Inventors designed cleaning robots to complement human labor. These gizmos can do almost anything – from floor cleaning to window cleaning – at unbelievable speeds. Robots also eliminate the need to put a window washer at risk when hanging from a skyscraper. By taking care of repetitive tasks, robots allow workers to focus on thought-intensive tasks that machines cannot perform.
On paper, cleaning robots sound very promising:
- Dirt sensing
- Vacuum cleaning
- Wet mopping
- Auto charging
- Fall detection
- Gyro sensing
- Sensors allow the robot to work with minimal human intervention
- Cleaning robot finds its way around obstacles
- The ultraviolet light that kills bacteria and viruses
- The HEPA filter can capture 99.97% of all particulate matter greater than 0.3 micrometer
- Tank controls the amount of water that the mop needs, so there are no spills on the floor
The true limitations of a cleaning robot become apparent when tested in an actual home.
While a robot can effectively sweep low-traffic areas, it is not built for heavy-duty cleaning. Dry leaves and other debris often get entangled in the robot brushes. When there is so much dust, the robot tends to spread more dirt around rather than clean it.
The mop head has to be detached and cleaned manually if it gets too dirty. The wheels can sometimes get stuck on loose carpet threads or difficult corners. As efficient as they can be, robots still require human intervention to function properly.
Commercial cleaning robots
Cleaning robots designed for commercial cleaning are far more sophisticated than those little round gizmos at home.
In the United Kingdom, the Hefter Robot Cleaner is a member of the janitorial crew in the Manchester Airport and Queen Elizabeth II Hospital. The size of a shopping cart, the Hefter can clean more than 200,000 square feet per day. It is built with laser scanners and ultrasonic detectors to be able to maneuver around obstacles. After one guided tour by a human operator, the Hefter will be able to perform its tasks unsupervised. It even keeps a log of all the places it has covered. After completing its routing, the Hefter goes back its home station to recharge and refill.
Robots can now clean outdoors too! The Figla navigates sidewalks with ease as it picks up trash along the way. It has infrared, gyroscopic, ultrasonic, and camera sensors that identify uneven surfaces and detect trash. The Figla is able to cover 21,500 square feet within the two-hour charge cycle of its battery. You can convert it into an indoor cleaner by swapping parts and choosing the wax hardwood floor setting.
Duct cleaning robots
Duct cleaning can be labor-intensive and requires special skills and training. Tech companies have now developed robots that can crawl through air ducts and eliminate dust and debris. They can access ducts through any pre-existing vents – even those that are too small for humans. These bots are equipped with cameras to guide their human operator during the inspection and cleaning process.
Window cleaning robots
Swiss company Serbot AG developed two specialized robots for cleaning glass surfaces of skyscrapers. The Gekko and the CleanAnt can move freely without the need for guiderails even in high-wind conditions.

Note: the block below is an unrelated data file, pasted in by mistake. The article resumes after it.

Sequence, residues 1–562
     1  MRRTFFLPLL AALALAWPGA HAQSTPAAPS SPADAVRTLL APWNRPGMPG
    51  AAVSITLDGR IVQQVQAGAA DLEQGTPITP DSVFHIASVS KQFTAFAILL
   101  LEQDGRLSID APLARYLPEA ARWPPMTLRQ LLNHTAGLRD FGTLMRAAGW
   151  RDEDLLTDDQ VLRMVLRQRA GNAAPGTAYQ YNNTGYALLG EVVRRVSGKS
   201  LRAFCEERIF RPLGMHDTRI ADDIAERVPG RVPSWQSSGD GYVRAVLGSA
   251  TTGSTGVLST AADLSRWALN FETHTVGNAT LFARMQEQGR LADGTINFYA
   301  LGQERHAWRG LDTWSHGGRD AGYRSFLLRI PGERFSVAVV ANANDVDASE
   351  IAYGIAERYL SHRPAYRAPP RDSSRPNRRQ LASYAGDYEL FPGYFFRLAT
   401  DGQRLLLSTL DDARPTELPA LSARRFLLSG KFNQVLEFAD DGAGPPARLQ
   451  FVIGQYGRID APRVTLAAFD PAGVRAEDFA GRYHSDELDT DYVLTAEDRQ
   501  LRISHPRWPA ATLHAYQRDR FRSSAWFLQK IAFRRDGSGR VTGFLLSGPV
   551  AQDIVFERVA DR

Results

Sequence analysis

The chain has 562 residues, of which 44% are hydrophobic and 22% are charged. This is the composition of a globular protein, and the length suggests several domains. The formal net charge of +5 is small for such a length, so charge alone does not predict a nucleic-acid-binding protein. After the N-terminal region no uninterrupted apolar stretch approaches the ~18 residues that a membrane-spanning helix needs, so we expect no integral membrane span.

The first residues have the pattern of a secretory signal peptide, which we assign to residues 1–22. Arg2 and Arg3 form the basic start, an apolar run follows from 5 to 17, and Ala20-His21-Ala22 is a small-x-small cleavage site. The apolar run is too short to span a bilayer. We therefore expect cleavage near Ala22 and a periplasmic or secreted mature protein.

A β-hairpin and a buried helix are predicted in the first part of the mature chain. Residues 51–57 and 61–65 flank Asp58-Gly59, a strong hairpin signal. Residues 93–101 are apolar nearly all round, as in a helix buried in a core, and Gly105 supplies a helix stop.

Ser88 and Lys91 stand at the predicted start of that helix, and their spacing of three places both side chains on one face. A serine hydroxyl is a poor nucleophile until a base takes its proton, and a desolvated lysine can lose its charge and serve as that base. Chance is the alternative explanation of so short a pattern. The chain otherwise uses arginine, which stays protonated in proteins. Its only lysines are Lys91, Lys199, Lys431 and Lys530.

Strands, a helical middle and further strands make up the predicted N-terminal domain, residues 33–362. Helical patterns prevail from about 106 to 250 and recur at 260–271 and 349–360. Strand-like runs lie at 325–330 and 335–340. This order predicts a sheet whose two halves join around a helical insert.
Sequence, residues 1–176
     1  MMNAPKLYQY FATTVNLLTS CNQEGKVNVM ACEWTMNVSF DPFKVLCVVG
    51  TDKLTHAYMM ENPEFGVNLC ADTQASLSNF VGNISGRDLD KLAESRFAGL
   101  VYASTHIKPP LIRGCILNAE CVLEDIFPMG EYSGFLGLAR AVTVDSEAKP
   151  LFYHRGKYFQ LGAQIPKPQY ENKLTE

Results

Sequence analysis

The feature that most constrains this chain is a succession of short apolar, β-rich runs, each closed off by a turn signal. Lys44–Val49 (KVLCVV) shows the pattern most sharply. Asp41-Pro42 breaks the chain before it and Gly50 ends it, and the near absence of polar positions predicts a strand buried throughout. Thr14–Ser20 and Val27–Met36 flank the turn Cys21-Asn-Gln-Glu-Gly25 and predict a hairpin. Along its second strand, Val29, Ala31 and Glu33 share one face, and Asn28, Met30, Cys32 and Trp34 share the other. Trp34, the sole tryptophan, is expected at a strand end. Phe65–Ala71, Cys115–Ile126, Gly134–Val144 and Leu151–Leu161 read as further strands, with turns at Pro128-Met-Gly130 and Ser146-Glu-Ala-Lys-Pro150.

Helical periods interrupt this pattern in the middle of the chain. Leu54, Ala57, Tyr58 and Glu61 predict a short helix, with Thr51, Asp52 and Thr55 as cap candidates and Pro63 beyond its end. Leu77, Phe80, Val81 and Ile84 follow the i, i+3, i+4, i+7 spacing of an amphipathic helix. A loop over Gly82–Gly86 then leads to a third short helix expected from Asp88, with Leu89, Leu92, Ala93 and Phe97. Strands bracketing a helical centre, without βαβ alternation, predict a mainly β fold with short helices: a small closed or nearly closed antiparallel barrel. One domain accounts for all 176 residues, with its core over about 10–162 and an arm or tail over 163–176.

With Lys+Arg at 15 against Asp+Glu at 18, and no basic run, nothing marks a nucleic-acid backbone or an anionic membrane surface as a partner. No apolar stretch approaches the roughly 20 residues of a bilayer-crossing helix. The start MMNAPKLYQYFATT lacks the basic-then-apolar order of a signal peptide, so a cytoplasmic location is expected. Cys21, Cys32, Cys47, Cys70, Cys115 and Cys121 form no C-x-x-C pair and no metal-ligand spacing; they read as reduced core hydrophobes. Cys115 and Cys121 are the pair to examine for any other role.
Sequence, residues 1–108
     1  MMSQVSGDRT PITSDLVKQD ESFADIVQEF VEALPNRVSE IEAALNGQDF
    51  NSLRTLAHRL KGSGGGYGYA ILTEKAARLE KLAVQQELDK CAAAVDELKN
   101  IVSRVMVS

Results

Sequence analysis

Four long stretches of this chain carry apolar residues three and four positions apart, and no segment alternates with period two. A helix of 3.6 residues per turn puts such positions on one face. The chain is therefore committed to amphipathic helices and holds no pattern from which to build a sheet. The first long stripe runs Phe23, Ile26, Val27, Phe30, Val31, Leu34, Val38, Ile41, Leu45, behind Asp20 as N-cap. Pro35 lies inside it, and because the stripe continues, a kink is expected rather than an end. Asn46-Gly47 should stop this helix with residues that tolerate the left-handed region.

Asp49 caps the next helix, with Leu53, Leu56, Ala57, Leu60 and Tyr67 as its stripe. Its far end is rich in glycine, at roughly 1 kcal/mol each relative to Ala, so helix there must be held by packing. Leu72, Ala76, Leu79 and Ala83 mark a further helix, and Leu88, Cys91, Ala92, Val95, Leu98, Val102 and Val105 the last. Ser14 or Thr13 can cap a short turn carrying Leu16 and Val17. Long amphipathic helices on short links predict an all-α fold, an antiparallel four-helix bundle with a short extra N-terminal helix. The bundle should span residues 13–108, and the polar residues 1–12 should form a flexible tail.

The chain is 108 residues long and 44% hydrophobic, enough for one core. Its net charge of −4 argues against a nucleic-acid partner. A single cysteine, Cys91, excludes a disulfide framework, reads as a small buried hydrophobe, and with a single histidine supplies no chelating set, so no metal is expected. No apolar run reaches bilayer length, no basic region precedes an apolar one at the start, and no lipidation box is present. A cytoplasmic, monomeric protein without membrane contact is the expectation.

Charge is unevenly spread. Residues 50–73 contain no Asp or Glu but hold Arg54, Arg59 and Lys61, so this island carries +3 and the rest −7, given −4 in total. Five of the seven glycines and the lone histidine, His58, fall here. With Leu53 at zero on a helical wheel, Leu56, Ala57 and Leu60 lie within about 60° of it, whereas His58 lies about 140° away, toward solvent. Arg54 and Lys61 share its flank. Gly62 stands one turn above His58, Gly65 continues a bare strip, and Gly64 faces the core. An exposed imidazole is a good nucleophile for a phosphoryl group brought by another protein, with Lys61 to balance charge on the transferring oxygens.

The Gekko is designed for flat surfaces while the CleanAnt can move around curved glass and over obstacles. Both models can clean a skyscraper glass surface 15 times faster than a human can.
The Gekko and the CleanAnt work well with detergents as well as dry ice and demineralized water. Special water-enzyme solutions are great for cutting through oily buildup on glass buildings. The bots are capable of filtering and recycling cleaning liquids, thereby reducing waste.
Special-purpose cleaning robots
The Xenex is a cleaning robot that is specially designed to kill bacteria in hospital rooms. It pulses xenon UV light to disinfect a room completely in just 5 to 10 minutes.
The Lady Bird is another special purpose cleaning robot developed for rest stop bathrooms in Japan. It has sensors to prevent collisions with customers and bathroom fixtures. It scrubs toilets and floors while also interacting with humans. Additionally, the Lady Bird engages in light conversation and can even provide weather and traffic updates. It can perform any janitorial task at a whopping cost of $30,000 upfront.
Why Human Cleaners are Irreplaceable
Although bots can speed up janitorial jobs, human cleaners are still irreplaceable for the following reasons.
Machines are not capable of spotting every detail.
Robots are programmed to perform specific tasks – but these tasks do not include quality control. Only a human cleaner can tell if the robot did a good job. Glitches do happen in the world of machines. Thus, if a robot detects what seems like an obstacle, it will go around it and miss that spot.
Machines cannot build rapport with clients.
Custodians and janitors sometimes interact with clients while they clean. If you exclusively rely on machines, that opportunity to build a reputation for excellent customer service would be lost.
Machines cannot provide flexible services.
Maybe a client has a special request or is not satisfied with the work? A human cleaner can quickly address the situation by offering a complimentary service or re-cleaning the area.
Robots promise efficiency and reduced labor cost for the commercial cleaning industry. But it is impossible to replace the human touch when it comes to meeting precise expectations of clients.
Here at Prestige Property Services, we rely on machines for specific tasks to make cleaning precise and efficient. But we also employ highly skilled human cleaners to ensure that everything is done to your standards.